Published : Tuesday, October 10, 2017 | 5:19 AM
In an evening which celebrates the far-reaching and rich fields of the Pasadena arts and sciences landscape, philanthropists Carolyn and Craig Watson, Pasadena Conservatory of Music Executive Director Stephen McCurry, along with David Wilson and the Museum of Jurassic Technology, are to be honored Tuesday as recipients of Pasadena Arts Council’s 2017 Gold Crown and AxS awards at ArtCenter’s South Campus Rooftop Garden.
The Pasadena Arts Council has been honoring individuals and organizations for their contributions to the region’s cultural landscape in an annual awards ceremony since 1965.
As Pasadena Arts Council Executive and Artistic Director Robert Crouch explained in an interview Friday, “The Arts Council and its Board of Trustees selects individuals or organizations that they feel have made a significant contribution to the cultural landscape of Pasadena.”
Honoree Carolyn Watson, an internationally recognized designer and restoration specialist, has developed projects locally and internationally, including Art Center’s Europe campus and its original Pasadena campus. She was awarded the Humanitarian of the Year honors from Professional Child Development Associates of Pasadena in 2015, and founded the Carolyn Watson Arts Scholarship program.
Meanwhile, Craig served as the Director of the California Arts Council from August 2011 through March 2017, where he was instrumental in shepherding the resurgence of California’s state arts agency. Craig was able to effect an increase in CAC’s funding from $5 million to nearly $25 million, taking on a number of new initiatives to serve veterans, at-risk youth, after-school arts, and creative placemaking.
McCurry will be honored with the Gold Crown for his leadership and artistic vision for the Pasadena Conservatory of Music. McCurry, who has served as the Executive Director of the Pasadena Conservatory of Music since 1992, has grown the conservatory from a small, local education program into an independent nationally-accredited music school enrolling approximately 1,250 student annually and providing outreach programs to an additional 3.000 students. The Conservatory now offers a comprehensive, classically-oriented curriculum for students of all ages and presents over 100 recitals, concerts and master classes yearly.
David Wilson and the Museum of Jurassic Technology are to be presented with the AxS award, which “celebrates the textured conversations between the sciences and the arts that is both emblematic of Pasadena’s history, and equally fused with its future,” according to the official announcement.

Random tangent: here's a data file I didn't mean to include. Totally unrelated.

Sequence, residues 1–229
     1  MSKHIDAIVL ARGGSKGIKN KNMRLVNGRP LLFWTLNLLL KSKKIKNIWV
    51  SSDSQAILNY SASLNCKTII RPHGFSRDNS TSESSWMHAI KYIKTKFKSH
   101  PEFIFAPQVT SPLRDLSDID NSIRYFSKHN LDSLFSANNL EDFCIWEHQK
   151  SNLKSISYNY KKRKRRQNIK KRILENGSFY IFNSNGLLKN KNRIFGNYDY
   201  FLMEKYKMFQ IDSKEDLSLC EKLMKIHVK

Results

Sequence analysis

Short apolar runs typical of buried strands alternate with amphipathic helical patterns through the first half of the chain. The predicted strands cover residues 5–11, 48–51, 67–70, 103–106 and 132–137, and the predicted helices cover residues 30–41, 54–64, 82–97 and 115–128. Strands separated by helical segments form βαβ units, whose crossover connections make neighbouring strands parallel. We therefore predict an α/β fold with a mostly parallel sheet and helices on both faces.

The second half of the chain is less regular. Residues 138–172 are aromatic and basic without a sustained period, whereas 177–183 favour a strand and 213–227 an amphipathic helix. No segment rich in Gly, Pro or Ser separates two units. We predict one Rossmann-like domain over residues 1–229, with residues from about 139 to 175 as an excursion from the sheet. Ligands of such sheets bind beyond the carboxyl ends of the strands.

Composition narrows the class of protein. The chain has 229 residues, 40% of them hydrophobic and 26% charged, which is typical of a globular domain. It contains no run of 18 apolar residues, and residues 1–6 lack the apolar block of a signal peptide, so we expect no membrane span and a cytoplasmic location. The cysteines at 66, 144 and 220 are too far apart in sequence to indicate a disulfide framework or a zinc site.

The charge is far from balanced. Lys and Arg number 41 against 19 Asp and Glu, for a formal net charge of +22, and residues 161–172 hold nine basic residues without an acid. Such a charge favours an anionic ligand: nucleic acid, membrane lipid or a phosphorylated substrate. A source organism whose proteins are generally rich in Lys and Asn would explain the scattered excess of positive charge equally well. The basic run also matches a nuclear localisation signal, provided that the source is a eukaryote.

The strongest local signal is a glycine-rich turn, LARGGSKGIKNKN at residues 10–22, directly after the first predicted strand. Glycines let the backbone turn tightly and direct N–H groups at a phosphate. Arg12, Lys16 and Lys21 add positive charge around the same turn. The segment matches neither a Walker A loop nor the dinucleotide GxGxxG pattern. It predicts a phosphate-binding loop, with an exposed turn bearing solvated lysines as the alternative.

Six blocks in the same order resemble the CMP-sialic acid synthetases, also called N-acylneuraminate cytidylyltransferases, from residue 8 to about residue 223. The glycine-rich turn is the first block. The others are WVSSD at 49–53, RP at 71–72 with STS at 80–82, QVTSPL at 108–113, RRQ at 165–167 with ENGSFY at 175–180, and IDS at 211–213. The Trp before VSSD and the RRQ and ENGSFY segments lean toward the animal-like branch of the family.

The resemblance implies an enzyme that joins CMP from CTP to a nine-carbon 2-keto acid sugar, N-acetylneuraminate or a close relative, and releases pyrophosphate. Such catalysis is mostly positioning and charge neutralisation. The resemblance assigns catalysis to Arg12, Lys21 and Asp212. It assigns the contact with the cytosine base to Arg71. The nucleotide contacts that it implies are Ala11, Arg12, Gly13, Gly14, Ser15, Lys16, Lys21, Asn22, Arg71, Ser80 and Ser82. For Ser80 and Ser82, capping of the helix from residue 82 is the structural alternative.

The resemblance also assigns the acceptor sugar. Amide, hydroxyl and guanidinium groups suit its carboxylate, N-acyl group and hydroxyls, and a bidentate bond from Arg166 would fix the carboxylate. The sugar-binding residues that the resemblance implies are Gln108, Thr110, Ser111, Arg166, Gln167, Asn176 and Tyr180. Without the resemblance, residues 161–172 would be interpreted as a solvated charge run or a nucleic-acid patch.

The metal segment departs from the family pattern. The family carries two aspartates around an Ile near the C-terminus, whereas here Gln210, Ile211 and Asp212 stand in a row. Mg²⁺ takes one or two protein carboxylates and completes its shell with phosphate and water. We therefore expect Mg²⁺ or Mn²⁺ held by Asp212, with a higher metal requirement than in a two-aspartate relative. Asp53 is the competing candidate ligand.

Wilson founded The Museum of Jurassic Technology in 1984, which chronicles an uncommon history of expression and innovation in the arts, humanities and sciences. He was also the recipient of a MacArthur Foundation Fellowship for his work with the Museum, which highlights the intersection of arts, science and individuals.
According to Pasadena Arts Council’s Crouch, the Gold Crown Award has been a Pasadena tradition for about 50 years, and was intended was intended to acknowledge the artistic and philanthropic contributions of Pasadena residents to the arts.
The first Gold Crown Awards were given in 1965, with the Council creating a second award called the “AxS Award,” in 2012.
“This was given to individuals or organizations who made a significant contribution to the intersection of art and science. That’s something that Pasadena Arts Council feels very strongly about,” said Crouch.
The first 2012 AxS award winner was Dr. Charles Elachi, the Director of Jet Propulsion Laboratory at the time.
“What the Arts Council is invested in,” Crouch noted, “is precisely that intersection between art and science, which is something that happens in abundance here in Pasadena because of places like Caltech and JPL and the Huntington and the Carnegie Observatories.
“It’s really quite a special place and many of those institutions share a very collaborative spirit and they’re really interested in reaching out to the public in a variety of ways.”